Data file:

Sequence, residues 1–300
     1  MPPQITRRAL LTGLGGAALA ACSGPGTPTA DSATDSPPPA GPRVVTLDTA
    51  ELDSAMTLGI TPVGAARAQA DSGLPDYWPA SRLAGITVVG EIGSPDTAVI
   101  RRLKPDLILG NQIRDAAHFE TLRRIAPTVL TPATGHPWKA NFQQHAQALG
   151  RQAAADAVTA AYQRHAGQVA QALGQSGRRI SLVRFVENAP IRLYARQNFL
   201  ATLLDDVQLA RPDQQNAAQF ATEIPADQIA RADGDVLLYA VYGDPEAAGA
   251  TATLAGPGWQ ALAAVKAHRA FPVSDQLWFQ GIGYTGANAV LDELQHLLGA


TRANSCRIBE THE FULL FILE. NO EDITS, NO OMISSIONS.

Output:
Sequence, residues 1–300
     1  MPPQITRRAL LTGLGGAALA ACSGPGTPTA DSATDSPPPA GPRVVTLDTA
    51  ELDSAMTLGI TPVGAARAQA DSGLPDYWPA SRLAGITVVG EIGSPDTAVI
   101  RRLKPDLILG NQIRDAAHFE TLRRIAPTVL TPATGHPWKA NFQQHAQALG
   151  RQAAADAVTA AYQRHAGQVA QALGQSGRRI SLVRFVENAP IRLYARQNFL
   201  ATLLDDVQLA RPDQQNAAQF ATEIPADQIA RADGDVLLYA VYGDPEAAGA
   251  TATLAGPGWQ ALAAVKAHRA FPVSDQLWFQ GIGYTGANAV LDELQHLLGA